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Baby Panda Crushed by Mother in China Zoo

Brian Handwerk
for National Geographic News
September 8, 2006
 
A rare panda cub met a not-so-rare panda fate yesterday.

The animal's mother—which hadn't slept in two days—fell asleep and crushed the tiny two-day-old cub as it nursed, China's state media reported.

Ya Ya, a resident of China's Chongqing Zoo, had given birth to twins on Tuesday.

One sibling was transferred to the Wolong Giant Panda Research Center, because panda mothers are typically unable to raise twins. The second cub remained with her mother.

(Related: China map, facts, video, and music.)

Newborn giant panda cubs weigh just 1/900 of their mother's weight (3 to 5 ounces, or 85 to 142 grams) and resemble a pale pink stick of butter.

When she rolled onto her cub, 16-year-old Ya Ya fatally damaged the newborn's heart, liver, and other internal organs.

Handlers were alerted to the tragedy when the cub fell motionless from her mother's nipple.

Not Uncommon

Carmi Penny, curator of mammals at the San Diego Zoo, explained that tragedies like Ya Ya's are not uncommon among pandas or other species—including domestic dogs.

"The size differential between [panda] mother and cub is really extreme. The only smaller baby-to-mother [comparison] would be a marsupial," such as a kangaroo, Penny said.

"There's a level of risk in the early hours and early days after a birth. And with a first-time or inexperienced mother, the risk is much higher."

Zoo officials removed the cub while Ya Ya was asleep. They reported that the mother panda searched for her cub after waking and then fell into what onlookers described as a a state of depression.

In the wild, pandas are totally dependant on their mothers for the first few months of their lives. Cubs live with their mothers for about a year and a half, when females often conceive again.

It's unknown whether Ya Ya's second cub will be reunited with its mother.

Panda Baby Boom

Historically, captive breeding of pandas has been difficult.

Females and males are only able to breed for a few days each year, so two animals must be brought together at exactly the right time.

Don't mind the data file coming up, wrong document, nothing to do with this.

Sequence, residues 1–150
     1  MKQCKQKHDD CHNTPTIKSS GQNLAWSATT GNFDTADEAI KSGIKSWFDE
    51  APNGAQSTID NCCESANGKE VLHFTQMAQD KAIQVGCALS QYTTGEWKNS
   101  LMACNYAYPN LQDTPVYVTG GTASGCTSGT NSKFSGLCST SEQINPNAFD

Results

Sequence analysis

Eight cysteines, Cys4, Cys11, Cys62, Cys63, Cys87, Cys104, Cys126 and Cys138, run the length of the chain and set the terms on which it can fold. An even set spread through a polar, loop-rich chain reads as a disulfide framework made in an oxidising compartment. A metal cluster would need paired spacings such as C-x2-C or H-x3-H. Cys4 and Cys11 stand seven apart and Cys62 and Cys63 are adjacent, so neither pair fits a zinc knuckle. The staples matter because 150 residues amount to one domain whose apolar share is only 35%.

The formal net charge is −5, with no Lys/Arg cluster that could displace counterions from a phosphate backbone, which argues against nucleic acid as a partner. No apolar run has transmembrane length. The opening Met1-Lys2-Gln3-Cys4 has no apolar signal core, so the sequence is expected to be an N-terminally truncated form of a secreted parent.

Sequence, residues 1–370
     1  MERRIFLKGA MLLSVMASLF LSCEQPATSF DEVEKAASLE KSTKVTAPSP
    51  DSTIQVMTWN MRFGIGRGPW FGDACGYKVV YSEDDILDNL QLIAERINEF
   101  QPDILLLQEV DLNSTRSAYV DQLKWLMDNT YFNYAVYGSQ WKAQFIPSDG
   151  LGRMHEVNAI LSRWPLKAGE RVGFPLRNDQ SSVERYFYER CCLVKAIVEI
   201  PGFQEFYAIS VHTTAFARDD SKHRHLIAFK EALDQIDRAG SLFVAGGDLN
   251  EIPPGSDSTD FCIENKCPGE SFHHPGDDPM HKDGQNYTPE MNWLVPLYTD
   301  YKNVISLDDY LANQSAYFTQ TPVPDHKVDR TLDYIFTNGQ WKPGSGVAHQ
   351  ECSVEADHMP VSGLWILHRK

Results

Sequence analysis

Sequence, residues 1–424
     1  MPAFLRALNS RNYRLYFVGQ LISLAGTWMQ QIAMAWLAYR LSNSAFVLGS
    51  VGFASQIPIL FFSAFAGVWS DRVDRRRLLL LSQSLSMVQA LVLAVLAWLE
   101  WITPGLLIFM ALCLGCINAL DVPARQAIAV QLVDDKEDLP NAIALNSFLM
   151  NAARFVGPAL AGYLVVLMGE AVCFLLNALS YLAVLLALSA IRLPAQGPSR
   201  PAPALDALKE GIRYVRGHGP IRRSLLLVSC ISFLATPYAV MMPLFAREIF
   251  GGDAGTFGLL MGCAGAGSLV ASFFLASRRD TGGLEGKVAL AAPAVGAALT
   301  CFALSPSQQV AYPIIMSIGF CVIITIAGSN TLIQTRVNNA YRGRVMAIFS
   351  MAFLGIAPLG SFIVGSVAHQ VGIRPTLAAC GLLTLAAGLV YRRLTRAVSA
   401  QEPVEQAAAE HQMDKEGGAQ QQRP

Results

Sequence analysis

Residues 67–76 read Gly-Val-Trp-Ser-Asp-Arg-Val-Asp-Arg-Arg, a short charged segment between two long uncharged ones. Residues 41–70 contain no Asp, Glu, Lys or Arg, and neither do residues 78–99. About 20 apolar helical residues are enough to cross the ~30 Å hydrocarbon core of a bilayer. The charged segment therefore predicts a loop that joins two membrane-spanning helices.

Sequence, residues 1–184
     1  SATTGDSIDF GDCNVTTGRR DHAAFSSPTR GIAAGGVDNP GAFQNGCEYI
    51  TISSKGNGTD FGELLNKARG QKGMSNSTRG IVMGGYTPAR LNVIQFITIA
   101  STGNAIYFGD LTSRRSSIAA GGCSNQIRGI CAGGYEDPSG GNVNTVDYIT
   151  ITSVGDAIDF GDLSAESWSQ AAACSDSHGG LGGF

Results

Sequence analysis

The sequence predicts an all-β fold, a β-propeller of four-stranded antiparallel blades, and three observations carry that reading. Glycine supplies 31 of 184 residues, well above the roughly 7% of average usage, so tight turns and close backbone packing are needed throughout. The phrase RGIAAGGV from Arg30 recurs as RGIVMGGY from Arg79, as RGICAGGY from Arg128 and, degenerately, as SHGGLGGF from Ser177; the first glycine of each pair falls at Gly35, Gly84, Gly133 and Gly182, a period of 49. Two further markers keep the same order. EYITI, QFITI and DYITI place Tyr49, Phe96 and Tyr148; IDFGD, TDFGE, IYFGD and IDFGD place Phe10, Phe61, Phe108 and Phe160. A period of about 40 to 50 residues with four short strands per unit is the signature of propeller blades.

"There's a lot of knowledge necessary to make that happen," the San Diego Zoo's Penny said.

Problems persist after conception.

Washington's National Zoo is still celebrating the birth of a male cub, Tai Shan, which arrived on July 9. He now weighs 65 pounds (30 kilograms) and is doing well, but he is a rarity.

The zoo's five previous cubs, born to the famous Hsing-Hsing and Ling-Ling between 1983 and 1989, all died before they were four days old.

"The first one died of pneumonia, and the second was stillborn," zoo spokesperson Pepper Long said.

"Then a pair of twins died, one from lack of oxygen and the other of infection. The fifth cub died of pneumonia just 23 hours after birth."

Wild panda breeding is difficult to study, because the animals are so reclusive. But long-term data on some populations suggest wild pandas have relatively high reproductive rates.

Captive facilities say that they have acquired the knowledge to close the gap.

"We've worked with the Chinese, shared information, and I think we've all learned a lot in the past ten years, as shown by the increased number of [captive born] giant panda babies," Penny said.

China's Wolong center has experienced the largest baby boom. Dozens of the endangered animals have survived in recent years. Last month four sets of twins were born at the facility.

The births have boosted China's number of captive pandas to over 180. Last spring the animal known as Xiang Xiang became a pioneer as the first captive-born giant panda to be released into the wild (watch video of the release and see photo).

And Ya Ya's sad tale comes on the heels of happy news for her wild cousins.

A recently completed study by Chinese and British scientists suggests that there could be twice as many wild pandas as previously believed. A 2004 Chinese government census estimated only 1,596 animals, but recent research suggests that up to 3,000 pandas could be roaming the wilderness.

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